Last October, Bloomberg published what seemed to be the tech story of the year: a claim that Supermicro, the leading supplier of servers to clients from the Pentagon and Congress to Amazon, Apple and NASA, had been targeted by Chinese spies who'd inserted devastating, virtually undetectable hardware backdoors into their motherboards by subverting a small subcontractor in China.
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Matt "Metafilter" Haughey got a postcard from his home state of Oregon informing him that he'd been purged from his voter roll because his signature has drifted too much since he first signed up to vote, 15 years ago. He has to go through a bureaucratic process to re-register to vote.
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A group of Belgian academic security researchers from KU Leuwen have published a paper detailing their investigation into improving the security of neurostimulators: electrical brain implants used to treat chronic pain, Parkinson's, and other conditions.
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It's been a year since someone hacked all 156 of Dallas's emergency tornado sirens, setting them off in the middle of the night, and the security picture for cities' emergency PA systems keeps getting uglier.
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The Security Innovation Center is a lobbying group backed by CompTIA, CTIA, TechNet and the Consumer Technology Association for the express purpose of fighting laws that would legalize repairing your own property, or choosing to have it repaired by third parties.
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Tim Harford points out that Dieselgate -- when VW designed cars that tried to guess when they were undergoing emissions test and dial back their pollution -- wasn't the first time an industry designed its products to cheat when regulators were looking; the big banks did the same thing to beat the "stress tests" that finance regulators used to check whether they would collapse during economic downturns (the banks "made very specific, narrow bets designed to pay off gloriously in specific stress-test scenarios" so that they looked like they'd do better than they actually would). Read the rest
Tim O'Reilly writes about the reality that more and more of our lives -- including whether you end up seeing this very sentence! -- is in the hands of "black boxes": algorithmic decision-makers whose inner workings are a secret from the people they affect. Read the rest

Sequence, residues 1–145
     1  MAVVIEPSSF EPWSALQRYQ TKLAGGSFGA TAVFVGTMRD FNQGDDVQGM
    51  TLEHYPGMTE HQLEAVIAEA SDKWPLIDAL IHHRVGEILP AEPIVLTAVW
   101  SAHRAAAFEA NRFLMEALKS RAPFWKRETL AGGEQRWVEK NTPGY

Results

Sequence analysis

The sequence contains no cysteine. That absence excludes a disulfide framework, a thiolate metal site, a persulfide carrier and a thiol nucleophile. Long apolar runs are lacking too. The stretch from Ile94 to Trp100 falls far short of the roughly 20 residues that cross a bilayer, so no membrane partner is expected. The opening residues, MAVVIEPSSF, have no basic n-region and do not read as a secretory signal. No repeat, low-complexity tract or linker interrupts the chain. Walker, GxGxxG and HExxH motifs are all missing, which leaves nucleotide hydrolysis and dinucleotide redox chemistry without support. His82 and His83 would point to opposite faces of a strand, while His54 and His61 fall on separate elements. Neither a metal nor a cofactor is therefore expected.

With the leak of exploits developed by The Equation Group, the long-secret, NSA-adjacent super-elite hacking squad -- published by The Shadow Brokers, who have some extremely heterodox theories about auction design -- it's now possible to audit the source code of some of the NSA's crown-jewel cyberweapons. Read the rest
Earlier this week, I wrote about the legal threats from Landis and Gyr against the Freedom of Information service Muckrock, which had received documents from the City of Seattle detailing the workings of Landis and Gyr's smart-meter system, which Seattle has purchased from them at public expense. Read the rest
Phil Mocek filed a public records request to find out how Seattle's new smart meters -- supplied by Landis and Gyr -- will work. As Mocek writes, these meters are based on "unspecified and unverifiable sensors that monitor activity inside of private property and can communicate collected information in real-time to unspecified machines in remote locations, the workings of which are obscured from ratepayers, with interfaces used by [the city] that require specialized equipment and are thus completely unavailable to ratepayers for personal use or monitoring and verification of information communicated, is already shrouded in secrecy and seemingly proceeding despite repeated voicing of public concern and complete lack of public justification of expense." Read the rest
The BBC's Social Affairs Correspondent, Michael Buchanan, wanted to know how often the UK government's new "red tape-busting cabinet panel, the Reducing Regulation Committee" was meeting, because he thought that it was probably "all froth and no action." Read the rest
Six years ago, I wrote a column comparing IT managers' prohibitions on using your own devices and applications to abstinence-only sex ed: a high-handed approach that leaves its audience ignorant and resentful, and dedicated to undermining you behind your back. Read the rest
Yesterday, I wrote about Jon Corbett's video, in which he demonstrates a method that appears to make it easy to smuggle metal objects (including weapons) through a TSA full-body scanner. The TSA has responded by saying that they still trust the machines, but they won't say why, "for obvious security reasons."
As Wired's David Kravets points out, Corbett is only the most recent critic to take a skeptical look at the efficacy of the expensive, invasive machinery. Other critics include the Government Accountability Office ("the devices might be ineffective") and the Journal of Transportation Security ("terrorists might fool the Rapiscan machines by taping explosive devices to their stomachs").
Corbett responded to the TSA's we-can't-tell-you-or-we'd-have-to-kill-you rebuttal with "You don't believe it? Try it."
“These machines are safe,” Lorie Dankers, a TSA spokeswoman, said in a telephone interview.
In a blog post, the government’s response was that, “For obvious security reasons, we can’t discuss our technology’s detection capability in detail, however TSA conducts extensive testing of all screening technologies in the laboratory and at airports prior to rolling them out to the entire field.”
TSA Pooh-Poohs Video Purporting to Defeat Airport Body Scanners Read the rest